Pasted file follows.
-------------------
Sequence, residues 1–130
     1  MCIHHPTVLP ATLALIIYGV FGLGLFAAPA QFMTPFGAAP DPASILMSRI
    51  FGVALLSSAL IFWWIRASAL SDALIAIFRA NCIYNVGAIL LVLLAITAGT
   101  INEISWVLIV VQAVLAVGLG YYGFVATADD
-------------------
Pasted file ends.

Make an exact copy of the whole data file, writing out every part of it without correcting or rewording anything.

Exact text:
Sequence, residues 1–130
     1  MCIHHPTVLP ATLALIIYGV FGLGLFAAPA QFMTPFGAAP DPASILMSRI
    51  FGVALLSSAL IFWWIRASAL SDALIAIFRA NCIYNVGAIL LVLLAITAGT
   101  INEISWVLIV VQAVLAVGLG YYGFVATADD